Patients with in-hospital stroke face delays for diagnosis and treatment

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Patients who had a stroke while hospitalized for another reason waited longer before being diagnosed and receiving treatment compared with those who had strokes before entering the hospital, according to an analysis of a Canadian registry.

They were also more likely to have a comorbid illness, experience a more severe stroke, have a greater disability and stay in the hospital longer. However, there was no difference between the groups in mortality at 30 days or one year after strokes.

Lead researcher Alexandra P. Saltman, MD, of the Department of Medicine at the University of Toronto in Canada, and colleagues published their findings online in JAMA Neurology on May 4.

Based on their findings, they recommended establishing an algorithm and protocol for diagnosing and treating patients with in-hospital stroke.

“These results add to the growing body of evidence in favor of the development of a standardized approach to the recognition and management of in-hospital stroke,” the researchers wrote. “In particular, we advocate for the development of targeted code stroke protocols for the in-hospital stroke population, similar to those used in the emergency department.”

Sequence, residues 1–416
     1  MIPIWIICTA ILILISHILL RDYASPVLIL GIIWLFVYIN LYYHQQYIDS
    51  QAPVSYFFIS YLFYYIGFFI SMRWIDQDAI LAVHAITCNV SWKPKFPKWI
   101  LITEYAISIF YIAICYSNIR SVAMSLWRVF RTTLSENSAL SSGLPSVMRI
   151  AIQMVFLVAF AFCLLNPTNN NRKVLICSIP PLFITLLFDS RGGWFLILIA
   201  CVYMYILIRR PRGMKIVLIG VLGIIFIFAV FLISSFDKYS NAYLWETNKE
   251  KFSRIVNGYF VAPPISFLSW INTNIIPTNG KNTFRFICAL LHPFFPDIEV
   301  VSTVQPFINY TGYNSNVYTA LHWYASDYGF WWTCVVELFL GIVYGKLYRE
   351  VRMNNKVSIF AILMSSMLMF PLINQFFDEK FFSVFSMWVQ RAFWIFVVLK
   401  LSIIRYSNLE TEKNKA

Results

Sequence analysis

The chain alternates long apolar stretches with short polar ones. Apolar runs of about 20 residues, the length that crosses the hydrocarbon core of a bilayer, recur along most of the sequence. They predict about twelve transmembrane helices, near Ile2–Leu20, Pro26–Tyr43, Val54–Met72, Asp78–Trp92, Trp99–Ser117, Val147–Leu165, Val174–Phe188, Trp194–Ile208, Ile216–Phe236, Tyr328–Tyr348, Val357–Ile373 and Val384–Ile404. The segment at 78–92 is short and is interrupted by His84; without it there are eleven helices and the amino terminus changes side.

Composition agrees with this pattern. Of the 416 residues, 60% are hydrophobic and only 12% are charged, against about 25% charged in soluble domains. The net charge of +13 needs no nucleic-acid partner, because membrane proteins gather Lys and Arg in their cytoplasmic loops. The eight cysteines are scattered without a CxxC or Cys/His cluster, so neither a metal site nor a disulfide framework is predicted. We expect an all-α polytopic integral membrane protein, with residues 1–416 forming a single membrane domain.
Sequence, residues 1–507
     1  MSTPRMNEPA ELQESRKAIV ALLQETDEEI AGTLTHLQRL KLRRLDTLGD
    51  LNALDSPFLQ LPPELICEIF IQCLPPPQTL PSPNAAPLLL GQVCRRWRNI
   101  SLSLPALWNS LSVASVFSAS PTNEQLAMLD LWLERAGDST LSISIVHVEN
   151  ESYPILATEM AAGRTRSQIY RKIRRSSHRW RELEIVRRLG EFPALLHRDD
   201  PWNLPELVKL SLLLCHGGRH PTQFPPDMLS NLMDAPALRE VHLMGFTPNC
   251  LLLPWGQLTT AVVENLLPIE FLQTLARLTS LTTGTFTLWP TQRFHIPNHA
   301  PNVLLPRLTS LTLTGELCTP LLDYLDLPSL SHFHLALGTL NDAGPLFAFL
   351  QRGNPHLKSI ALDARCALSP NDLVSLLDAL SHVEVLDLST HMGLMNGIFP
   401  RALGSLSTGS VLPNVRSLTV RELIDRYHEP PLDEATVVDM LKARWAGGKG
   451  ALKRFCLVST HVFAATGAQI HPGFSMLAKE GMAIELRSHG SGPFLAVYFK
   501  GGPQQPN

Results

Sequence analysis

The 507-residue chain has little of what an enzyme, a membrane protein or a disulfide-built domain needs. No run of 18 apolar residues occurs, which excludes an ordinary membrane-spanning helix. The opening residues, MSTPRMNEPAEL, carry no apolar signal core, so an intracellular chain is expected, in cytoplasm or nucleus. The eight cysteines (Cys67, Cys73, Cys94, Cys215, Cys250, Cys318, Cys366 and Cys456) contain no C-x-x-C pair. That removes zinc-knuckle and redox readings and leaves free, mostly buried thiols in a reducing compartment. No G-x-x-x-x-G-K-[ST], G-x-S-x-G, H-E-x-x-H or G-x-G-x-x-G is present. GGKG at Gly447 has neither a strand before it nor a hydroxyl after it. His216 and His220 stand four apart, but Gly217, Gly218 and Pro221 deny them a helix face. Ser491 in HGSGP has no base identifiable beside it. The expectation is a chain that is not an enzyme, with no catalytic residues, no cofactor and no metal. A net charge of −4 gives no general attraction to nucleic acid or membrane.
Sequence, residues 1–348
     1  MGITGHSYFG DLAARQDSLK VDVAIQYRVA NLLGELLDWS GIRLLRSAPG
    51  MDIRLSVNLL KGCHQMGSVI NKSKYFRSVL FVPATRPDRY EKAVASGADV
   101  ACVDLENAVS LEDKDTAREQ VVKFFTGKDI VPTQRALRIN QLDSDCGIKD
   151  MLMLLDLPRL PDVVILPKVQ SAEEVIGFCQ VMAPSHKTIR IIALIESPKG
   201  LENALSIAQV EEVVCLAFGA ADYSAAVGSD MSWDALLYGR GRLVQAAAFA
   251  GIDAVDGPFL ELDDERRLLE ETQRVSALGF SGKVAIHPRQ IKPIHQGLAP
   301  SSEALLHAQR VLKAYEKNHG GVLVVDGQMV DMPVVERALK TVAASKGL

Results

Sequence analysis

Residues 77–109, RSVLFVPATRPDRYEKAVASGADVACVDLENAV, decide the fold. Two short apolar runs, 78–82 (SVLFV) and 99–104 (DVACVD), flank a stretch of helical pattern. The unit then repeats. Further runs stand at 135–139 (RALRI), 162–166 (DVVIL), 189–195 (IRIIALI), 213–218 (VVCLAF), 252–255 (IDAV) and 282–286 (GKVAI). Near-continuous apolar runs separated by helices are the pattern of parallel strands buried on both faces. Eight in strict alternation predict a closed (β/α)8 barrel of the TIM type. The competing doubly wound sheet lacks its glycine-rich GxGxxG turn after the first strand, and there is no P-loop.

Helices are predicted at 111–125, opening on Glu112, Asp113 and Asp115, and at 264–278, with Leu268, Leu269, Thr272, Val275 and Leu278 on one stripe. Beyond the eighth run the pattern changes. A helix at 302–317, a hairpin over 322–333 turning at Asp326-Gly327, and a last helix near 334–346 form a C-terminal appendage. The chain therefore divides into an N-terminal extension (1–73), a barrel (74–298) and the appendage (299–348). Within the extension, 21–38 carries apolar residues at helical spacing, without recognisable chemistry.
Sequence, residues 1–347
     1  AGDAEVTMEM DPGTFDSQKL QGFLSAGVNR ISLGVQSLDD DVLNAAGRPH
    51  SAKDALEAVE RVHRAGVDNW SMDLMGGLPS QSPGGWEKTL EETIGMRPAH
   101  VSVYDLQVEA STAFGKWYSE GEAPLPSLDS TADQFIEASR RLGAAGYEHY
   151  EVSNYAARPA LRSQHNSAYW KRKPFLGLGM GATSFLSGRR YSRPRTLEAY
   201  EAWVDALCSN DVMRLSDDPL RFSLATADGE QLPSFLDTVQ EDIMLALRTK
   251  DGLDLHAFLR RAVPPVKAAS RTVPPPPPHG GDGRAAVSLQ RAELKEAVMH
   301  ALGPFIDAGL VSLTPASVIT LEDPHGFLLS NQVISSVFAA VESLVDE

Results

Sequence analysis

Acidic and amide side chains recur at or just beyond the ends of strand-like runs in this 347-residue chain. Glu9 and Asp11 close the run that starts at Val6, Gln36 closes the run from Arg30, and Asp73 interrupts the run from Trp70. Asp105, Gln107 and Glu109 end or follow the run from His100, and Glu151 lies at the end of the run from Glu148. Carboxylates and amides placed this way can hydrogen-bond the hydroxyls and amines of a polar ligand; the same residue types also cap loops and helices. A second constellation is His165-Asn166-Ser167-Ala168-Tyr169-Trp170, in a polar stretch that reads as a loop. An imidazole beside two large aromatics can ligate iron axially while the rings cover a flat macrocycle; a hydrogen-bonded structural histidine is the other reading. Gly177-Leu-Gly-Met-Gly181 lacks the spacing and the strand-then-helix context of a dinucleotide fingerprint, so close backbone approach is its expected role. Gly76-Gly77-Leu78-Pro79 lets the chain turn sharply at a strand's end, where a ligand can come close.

The researchers examined the Ontario Stroke Registry, which included patients with stroke or transient ischemic attack seen in the emergency department or at 11 regional stroke centers in Ontario from July 1, 2003 to the present. For this study, they included adult patients (18 years or older) with acute stroke or diagnosed with in-hospital stroke between July 1, 2003 and March 31, 2012. They excluded patients with transient ischemic attack.

Of the 29,810 patients in the study, 973 had in-hospital stroke and 28,837 had community-onset stroke. Patients who had an in-hospital stroke were more likely to be older than 65 and to have diabetes, hypertension, hyperlipidemia or atrial fibrillation.

The median time from symptom recognition to neuroimaging was 4.5 hours in patients with an in-hospital stroke compared with 1.2 hours for patients with a community-onset stroke. Within two hours of symptom recognition, 32 percent of the in-hospital stroke group and 63 percent of the community-onset stroke group had undergone brain imaging.

In addition, within 90 minutes of stroke diagnosis, 29 percent of the in-hospital stroke group and 72 percent of the community-onset stroke group had received thrombolysis.

The researchers said the registry did not include reasons for delays in diagnosis or treatment, specific surgical and medical diagnoses and long-term functional status or quality of life measurements following strokes.